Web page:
Google Launches Global Privacy Crusade
Drawing upon its clout as the Internet's most powerful company, Google Inc. is calling on businesses and regulators throughout the world to adopt international standards for protecting consumer privacy online and offline.
The request, to be unveiled Friday in France, comes as the online search leader battles privacy concerns that threaten its plan to buy Internet ad service DoubleClick Inc. for $3.1 billion.
Mountain View-based Google, which already runs the Internet's most lucrative marketing network, is counting on the purchase to boost its profits by helping sell even more ads.
New York-based DoubleClick collects information about the Web surfing habits of consumers, an activity that has stirred complaints from privacy watchdogs and prompted antitrust regulators to take a closer look at Google's proposed acquisition.
Google already retains information about search requests, which can reveal intimate details about a person's health, finances, sexual preferences and other sensitive topics.
"I don't think there is any question that Google is under enormous pressure to come up with more meaningful privacy standards," said Marc Rotenberg, executive director of the Electronic Privacy Information Center, a strident critic of the DoubleClick deal.
Peter Fleischer, Google's chief privacy officer, said the company's privacy crusade has nothing to do with the DoubleClick deal.
"People look to us to show some leadership and be constructive," Fleischer told a group of reporters a few hours before he was scheduled to outline Google's privacy initiative at a meeting of the United Nations Educational Scientific and Cultural Organization in Strasbourg, France. "By supporting global privacy standards, there will be a debate and part of that debate will be what our motives are."
Google's call for international privacy rules comes less than two months after Microsoft Corp. and IAC/InterActiveCorp's Ask.com jointly urged its rivals to collaborate an industrywide standard.
Privacy laws now vary widely from country to country, causing chronic headaches for Internet companies like Google that operate around the world. In the United States alone, dozens of states have conflicting laws addressing privacy.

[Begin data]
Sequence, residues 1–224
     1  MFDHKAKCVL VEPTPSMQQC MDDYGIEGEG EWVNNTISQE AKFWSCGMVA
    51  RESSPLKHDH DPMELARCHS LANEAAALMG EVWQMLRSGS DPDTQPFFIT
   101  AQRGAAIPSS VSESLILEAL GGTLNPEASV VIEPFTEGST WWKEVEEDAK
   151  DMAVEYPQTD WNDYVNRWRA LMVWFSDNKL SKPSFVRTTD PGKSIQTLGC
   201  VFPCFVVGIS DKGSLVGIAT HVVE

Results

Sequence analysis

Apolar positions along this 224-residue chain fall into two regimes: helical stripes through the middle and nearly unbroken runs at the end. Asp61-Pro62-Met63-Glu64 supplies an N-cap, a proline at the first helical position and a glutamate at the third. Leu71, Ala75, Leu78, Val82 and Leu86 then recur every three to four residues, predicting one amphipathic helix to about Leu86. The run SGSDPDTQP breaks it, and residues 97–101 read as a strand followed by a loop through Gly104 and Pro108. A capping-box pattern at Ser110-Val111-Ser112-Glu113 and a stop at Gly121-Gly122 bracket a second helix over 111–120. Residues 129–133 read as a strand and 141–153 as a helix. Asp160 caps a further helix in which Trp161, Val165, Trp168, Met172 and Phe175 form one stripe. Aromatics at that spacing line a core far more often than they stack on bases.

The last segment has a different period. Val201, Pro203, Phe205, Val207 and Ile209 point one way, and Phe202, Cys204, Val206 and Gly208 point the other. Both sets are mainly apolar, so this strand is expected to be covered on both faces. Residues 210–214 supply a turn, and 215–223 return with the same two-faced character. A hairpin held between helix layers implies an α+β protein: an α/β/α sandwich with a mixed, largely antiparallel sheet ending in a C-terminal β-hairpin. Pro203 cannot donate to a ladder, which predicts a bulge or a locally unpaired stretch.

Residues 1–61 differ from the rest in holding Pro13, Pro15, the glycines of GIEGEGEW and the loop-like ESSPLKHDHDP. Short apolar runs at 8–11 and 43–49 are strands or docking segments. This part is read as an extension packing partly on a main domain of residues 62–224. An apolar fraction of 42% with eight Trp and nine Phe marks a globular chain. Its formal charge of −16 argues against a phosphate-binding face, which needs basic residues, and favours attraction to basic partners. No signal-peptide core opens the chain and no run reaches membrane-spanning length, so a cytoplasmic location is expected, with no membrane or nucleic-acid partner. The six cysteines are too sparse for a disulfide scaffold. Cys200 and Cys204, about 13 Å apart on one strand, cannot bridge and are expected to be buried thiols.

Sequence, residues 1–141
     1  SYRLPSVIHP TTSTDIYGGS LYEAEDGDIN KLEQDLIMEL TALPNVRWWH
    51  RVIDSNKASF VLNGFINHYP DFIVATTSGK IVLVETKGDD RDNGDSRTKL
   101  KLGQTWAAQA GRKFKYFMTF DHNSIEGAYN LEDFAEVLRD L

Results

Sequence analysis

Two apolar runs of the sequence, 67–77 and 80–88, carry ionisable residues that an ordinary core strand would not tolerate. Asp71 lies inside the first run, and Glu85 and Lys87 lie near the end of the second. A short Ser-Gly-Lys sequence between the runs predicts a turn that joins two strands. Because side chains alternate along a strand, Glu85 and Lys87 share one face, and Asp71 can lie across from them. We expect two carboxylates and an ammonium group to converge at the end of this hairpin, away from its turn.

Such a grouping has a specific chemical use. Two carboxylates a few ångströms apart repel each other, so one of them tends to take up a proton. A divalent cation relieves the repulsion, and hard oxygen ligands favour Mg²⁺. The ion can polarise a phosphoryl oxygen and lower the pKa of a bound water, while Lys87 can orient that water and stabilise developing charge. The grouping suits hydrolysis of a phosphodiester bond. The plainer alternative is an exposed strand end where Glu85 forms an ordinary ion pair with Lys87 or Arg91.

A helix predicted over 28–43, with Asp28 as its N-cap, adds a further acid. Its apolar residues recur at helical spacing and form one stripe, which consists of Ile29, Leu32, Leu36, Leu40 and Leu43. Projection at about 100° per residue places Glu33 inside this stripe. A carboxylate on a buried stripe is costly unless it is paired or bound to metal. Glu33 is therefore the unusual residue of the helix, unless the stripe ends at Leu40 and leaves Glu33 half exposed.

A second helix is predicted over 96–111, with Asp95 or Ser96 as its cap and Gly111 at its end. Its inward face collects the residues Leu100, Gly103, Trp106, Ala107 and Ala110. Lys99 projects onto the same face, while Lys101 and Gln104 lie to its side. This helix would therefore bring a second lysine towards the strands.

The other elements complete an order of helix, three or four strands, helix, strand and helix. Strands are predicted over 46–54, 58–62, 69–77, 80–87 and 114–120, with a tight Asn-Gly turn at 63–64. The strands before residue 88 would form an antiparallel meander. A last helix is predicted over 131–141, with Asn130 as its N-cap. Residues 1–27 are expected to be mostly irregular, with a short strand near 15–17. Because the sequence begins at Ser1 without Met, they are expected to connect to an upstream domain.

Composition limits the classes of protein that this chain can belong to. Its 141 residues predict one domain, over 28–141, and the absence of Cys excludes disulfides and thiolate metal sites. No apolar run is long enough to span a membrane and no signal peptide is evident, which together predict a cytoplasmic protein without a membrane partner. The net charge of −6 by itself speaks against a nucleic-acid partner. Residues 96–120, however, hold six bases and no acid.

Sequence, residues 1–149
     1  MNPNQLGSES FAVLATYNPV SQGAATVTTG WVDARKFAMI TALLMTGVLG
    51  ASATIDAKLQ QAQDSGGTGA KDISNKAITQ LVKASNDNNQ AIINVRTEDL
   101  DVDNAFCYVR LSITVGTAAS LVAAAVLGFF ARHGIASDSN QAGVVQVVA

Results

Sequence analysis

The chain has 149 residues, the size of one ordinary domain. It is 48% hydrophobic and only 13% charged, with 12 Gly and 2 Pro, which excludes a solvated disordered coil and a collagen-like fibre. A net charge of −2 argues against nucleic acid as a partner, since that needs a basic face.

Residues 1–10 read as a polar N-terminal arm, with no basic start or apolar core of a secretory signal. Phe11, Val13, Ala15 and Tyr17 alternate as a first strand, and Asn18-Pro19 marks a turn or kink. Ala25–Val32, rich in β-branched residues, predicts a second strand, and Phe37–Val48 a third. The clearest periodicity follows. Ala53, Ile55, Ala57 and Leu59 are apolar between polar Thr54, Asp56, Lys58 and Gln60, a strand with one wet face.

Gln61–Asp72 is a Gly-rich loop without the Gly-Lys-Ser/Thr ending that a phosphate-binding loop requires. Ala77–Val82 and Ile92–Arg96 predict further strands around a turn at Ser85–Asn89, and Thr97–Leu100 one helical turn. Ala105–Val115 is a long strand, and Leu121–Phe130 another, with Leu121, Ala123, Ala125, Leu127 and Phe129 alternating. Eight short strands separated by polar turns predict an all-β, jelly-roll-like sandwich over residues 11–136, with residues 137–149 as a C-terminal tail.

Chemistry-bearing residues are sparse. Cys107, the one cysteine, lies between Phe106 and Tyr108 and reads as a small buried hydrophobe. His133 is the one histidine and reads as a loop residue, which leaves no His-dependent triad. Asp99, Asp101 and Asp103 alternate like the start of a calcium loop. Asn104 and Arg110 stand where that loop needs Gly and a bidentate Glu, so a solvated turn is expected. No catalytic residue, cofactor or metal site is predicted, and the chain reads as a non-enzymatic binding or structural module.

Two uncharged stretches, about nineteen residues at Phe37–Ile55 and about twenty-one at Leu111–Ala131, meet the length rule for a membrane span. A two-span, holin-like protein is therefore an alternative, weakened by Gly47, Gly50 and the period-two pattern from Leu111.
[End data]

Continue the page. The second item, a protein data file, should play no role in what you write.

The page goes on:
About three-fourths of the world's population isn't governed by any concrete privacy laws, Fleischer said.
Creating an international privacy standard may be easier said than done, said Lauren Weinstein, co-founder of People For Internet Responsibility, a policy group.
"People being people, and sovereign nations being sovereign nations, there are always going to be very different views on privacy matters," Weinstein said. "Even if you can agree on a basic concept, then you have to find it a way to get into all the countries' laws. It doesn't seem like this will be a short-term project."
Google Chairman Eric Schmidt will underscore the company's hopes for more uniform privacy protections in an upcoming public appearance, Fleischer said. He declined to provide further details about the timing or content of Schmidt's planned remarks.
The company has already met with rivals Yahoo Inc. and Microsoft, as well as a few European regulators to rally support for international privacy rules, Fleischer said. He plans to meet with Canada regulators later this month.
"To be effective, privacy laws need to go global," Fleischer said in his prepared remarks. "But for those laws to be observed and effective, a realistic set of standards must emerge. It is absolutely imperative that these standards are aligned to today's commercial realities and political needs, but they must also reflect technological realities."
The speech offered few specifics on how to orchestrate an international privacy accord. In his remarks, Fleischer said a privacy framework developed by the 21-country Asia-Pacific Economic Cooperation, or APEC, could provide a solid foundation for a more far-reaching global approach.
The APEC principles emphasize security safeguards, imposing limitations on how much personal information can be collected and a commitment to protect the integrity of the data that is gathered. Fleischer acknowledged one significant hurdle must be overcome: China, the world's most populous country, doesn't support the APEC framework.
All the major search engines have a financial motive to foster consumer trust because they collect personal data so they can customize online ads catering to the tastes and interests of each visitor. The more relevant that search engines can make ads, the more money they stand to make.
Facing pressure from European regulators, Google got the privacy ball rolling in a new direction earlier this year when it announced plans to regularly remove key pieces of personal information about the search requests stored in its computers.
It then narrowed its time frame for depersonalizing search requests from as long as two years to 18 months -- a standard that Microsoft, which runs the third-most-popular search engine, also has adopted.
Yahoo, which operates the second-most-popular search engine, has gone further by promising to scrub personal information within 13 months -- a standard Time Warner Inc.'s AOL also follows.
InterActiveCorp's Ask.com is going even further by offering its users a tool that will prevent search terms and the Internet addresses of computers from being retained.
Previously, all the search engines had been vague about how long they hold on to the personal information logged from search requests.